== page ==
Annual Report 2010: FY July 1, 2009-June 30, 2010
Geoscience and Energy Office
The Geoscience and Energy Office in Washington, D.C. (GEO-DC) was established by the AAPG Executive Committee in June 2005. GEO-DC is now a well-regarded and respected entity, which provides a host of services to AAPC members and government. The office is critically important to AAPG members. The concern about and the lack of a coherent comprehensive U.S. energy policy is very high. Volatile prices for oil and gas, energy security vs. energy independence, climate change, tax increases to support a myriad of government programs and many other issues have skewed energy policy in the making. Proposals to award tax incentives to alternative energy are underscored, while plans to eliminate tax incentives for fossil energy threaten the livelihood of both domestic and international AAPG members. One of the six purposes of the association as stated in the constitution is “to advance the professional well-being of its members.”
AAPG is not a trade association, but rather a scientific and professional association. As such, GEO-DC’s purpose is threefold: First, to communicate to policy makers and regulators the scientific knowledge and professional expertise of AAPG’s members – to inform the policy making process with science. Second, GEO-DC communicates to AAPG members policy issues of importance and professional interest to them. Third, GEO-DC equips and trains AAPG members to communicate effectively to policy makers and creates opportunities for members to engage in the policy process.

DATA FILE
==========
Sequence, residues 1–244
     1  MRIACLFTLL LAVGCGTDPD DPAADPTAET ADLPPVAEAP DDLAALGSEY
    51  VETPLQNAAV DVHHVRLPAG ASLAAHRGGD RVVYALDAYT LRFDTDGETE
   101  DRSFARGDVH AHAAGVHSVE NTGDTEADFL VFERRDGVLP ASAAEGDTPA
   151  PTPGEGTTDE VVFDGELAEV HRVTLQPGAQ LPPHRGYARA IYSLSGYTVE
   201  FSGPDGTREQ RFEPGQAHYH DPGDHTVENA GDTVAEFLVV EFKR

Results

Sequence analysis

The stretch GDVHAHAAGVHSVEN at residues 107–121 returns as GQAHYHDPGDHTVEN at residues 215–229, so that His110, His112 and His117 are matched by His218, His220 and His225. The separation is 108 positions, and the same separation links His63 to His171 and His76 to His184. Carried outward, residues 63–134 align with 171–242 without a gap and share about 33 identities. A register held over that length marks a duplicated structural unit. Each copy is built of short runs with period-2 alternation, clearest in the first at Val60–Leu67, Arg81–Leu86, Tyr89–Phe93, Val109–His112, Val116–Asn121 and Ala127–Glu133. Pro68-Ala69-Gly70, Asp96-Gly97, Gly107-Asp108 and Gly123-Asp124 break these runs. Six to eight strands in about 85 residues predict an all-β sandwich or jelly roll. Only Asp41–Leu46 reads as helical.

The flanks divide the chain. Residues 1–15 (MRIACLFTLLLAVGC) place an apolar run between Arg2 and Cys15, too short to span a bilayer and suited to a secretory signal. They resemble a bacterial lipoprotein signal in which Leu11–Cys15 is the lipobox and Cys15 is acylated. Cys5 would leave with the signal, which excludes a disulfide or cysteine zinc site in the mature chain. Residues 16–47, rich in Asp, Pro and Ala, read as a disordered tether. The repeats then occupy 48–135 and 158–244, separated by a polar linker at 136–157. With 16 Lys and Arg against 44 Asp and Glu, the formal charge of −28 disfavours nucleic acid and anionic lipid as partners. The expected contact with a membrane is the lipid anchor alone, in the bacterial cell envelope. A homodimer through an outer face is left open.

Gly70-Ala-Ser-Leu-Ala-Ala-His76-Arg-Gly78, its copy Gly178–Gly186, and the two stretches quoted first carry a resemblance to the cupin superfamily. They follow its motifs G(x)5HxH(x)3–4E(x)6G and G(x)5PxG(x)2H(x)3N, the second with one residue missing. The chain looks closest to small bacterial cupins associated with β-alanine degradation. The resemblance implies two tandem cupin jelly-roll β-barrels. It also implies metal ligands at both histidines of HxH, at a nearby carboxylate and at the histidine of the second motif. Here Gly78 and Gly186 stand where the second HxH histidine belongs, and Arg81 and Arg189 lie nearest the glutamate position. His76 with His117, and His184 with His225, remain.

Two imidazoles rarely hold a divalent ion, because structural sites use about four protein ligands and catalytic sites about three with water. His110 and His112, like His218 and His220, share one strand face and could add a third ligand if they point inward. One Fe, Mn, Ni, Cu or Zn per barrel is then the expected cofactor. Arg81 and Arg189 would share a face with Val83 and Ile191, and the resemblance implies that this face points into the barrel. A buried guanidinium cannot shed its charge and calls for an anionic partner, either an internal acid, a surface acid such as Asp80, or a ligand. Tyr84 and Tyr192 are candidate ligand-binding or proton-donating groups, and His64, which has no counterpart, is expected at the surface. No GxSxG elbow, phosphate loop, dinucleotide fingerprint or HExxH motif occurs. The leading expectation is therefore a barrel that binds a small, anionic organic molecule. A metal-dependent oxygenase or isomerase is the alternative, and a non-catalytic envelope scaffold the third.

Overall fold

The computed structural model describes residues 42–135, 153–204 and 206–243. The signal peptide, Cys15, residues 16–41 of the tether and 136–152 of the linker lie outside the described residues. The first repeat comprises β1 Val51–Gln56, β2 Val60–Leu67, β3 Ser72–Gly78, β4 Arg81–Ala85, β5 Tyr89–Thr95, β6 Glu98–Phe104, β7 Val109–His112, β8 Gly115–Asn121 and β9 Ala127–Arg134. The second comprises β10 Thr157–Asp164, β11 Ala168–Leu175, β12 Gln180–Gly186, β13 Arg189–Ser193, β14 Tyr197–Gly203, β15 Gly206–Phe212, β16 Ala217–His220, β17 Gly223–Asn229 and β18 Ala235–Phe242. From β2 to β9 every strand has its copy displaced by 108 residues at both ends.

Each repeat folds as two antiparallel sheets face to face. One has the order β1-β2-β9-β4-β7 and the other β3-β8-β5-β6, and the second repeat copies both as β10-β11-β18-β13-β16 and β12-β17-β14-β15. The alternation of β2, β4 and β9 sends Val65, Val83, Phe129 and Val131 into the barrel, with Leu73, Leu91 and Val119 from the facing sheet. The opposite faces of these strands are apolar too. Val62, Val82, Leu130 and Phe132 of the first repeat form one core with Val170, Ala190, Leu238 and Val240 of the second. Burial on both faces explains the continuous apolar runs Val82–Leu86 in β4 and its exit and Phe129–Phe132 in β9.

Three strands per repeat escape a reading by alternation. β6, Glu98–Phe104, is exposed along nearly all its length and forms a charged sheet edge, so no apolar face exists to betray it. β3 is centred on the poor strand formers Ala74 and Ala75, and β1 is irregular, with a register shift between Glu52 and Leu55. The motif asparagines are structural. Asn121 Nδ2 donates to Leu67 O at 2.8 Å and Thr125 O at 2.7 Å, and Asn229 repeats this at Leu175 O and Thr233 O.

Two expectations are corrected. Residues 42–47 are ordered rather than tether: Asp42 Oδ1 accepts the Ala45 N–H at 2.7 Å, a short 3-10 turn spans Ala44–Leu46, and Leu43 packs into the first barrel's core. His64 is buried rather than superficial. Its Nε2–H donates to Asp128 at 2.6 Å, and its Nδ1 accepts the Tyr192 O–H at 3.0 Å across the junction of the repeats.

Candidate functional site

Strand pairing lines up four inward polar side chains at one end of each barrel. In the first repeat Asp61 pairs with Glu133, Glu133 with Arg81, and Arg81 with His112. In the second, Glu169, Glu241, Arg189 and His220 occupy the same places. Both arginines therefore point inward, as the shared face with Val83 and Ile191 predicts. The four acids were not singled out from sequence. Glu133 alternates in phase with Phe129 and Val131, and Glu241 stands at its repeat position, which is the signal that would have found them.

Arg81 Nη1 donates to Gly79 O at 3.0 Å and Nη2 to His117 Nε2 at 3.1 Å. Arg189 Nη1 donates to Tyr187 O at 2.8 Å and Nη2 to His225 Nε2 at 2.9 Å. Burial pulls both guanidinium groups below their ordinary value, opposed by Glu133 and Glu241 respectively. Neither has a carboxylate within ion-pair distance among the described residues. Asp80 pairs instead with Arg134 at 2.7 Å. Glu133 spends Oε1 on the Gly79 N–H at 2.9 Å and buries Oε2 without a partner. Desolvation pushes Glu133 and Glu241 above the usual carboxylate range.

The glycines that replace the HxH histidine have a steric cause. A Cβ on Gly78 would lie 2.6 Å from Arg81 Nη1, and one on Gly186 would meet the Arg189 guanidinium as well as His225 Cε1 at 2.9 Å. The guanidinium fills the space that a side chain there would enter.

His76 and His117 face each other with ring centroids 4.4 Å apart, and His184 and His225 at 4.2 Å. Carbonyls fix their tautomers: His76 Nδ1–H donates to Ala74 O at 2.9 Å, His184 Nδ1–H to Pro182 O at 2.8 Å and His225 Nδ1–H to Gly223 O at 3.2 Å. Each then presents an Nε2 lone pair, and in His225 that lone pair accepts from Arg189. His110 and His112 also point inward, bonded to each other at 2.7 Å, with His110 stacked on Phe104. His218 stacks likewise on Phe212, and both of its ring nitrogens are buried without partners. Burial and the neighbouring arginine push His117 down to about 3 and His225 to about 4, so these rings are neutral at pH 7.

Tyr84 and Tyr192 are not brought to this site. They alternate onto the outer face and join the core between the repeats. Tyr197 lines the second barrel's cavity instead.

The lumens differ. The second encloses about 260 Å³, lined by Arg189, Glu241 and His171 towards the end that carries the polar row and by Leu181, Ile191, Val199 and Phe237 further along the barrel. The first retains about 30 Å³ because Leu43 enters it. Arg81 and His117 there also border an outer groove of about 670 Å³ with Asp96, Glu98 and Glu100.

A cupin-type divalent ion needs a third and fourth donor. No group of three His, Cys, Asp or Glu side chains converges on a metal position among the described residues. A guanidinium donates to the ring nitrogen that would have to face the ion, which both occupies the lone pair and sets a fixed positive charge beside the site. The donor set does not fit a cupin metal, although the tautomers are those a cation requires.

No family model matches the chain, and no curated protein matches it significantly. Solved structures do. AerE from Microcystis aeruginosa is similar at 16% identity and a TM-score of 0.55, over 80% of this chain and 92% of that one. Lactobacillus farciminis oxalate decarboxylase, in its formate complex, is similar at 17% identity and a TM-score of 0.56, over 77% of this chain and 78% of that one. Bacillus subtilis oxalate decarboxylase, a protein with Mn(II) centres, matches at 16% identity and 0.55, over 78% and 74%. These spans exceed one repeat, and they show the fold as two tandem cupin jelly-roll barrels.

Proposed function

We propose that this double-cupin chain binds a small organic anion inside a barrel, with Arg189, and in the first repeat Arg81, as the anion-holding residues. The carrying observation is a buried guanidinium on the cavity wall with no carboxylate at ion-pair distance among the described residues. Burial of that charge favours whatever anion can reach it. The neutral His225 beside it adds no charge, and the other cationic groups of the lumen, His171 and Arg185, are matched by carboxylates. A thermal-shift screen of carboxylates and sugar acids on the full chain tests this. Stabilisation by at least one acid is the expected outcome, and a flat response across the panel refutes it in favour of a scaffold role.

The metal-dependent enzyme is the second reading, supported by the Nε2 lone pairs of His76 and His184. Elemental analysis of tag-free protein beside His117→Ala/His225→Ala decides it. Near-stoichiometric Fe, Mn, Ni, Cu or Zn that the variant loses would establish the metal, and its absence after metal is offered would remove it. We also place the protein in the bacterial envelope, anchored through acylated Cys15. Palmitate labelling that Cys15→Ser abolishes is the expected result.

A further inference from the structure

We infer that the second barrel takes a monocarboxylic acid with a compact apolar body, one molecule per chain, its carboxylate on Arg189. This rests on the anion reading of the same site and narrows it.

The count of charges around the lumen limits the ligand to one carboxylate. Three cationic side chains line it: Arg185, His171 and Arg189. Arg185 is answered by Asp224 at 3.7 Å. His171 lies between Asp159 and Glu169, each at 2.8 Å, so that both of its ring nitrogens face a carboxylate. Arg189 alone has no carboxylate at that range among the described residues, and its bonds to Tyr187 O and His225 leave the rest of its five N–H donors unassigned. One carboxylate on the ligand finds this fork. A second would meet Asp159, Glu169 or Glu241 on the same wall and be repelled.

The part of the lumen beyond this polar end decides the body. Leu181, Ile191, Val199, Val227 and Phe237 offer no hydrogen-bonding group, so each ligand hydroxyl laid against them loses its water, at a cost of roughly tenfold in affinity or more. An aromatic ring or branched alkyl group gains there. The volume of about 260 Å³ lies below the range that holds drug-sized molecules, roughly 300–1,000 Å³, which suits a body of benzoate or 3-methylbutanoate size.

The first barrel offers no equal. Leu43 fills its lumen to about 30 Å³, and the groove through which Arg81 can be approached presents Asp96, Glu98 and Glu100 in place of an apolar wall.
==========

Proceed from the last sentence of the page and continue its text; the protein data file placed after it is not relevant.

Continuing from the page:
The GEO-DC Governance Board (GOVBD) was created to provide effective member oversight of the office and its activities. The board consists of 11 (reduced to 10 at mid year) governors and six observers (with participation rights except voting). In addition, the board has an Advisory Committee of three AAPG past-presidents.
The Division of Professional Affairs (DPA) continued its close involvement with GEO-DC in 2009–2010, providing significant programmatic support through the DPA Governmental Affairs Committee (GAC) and financial support for on-going office operations.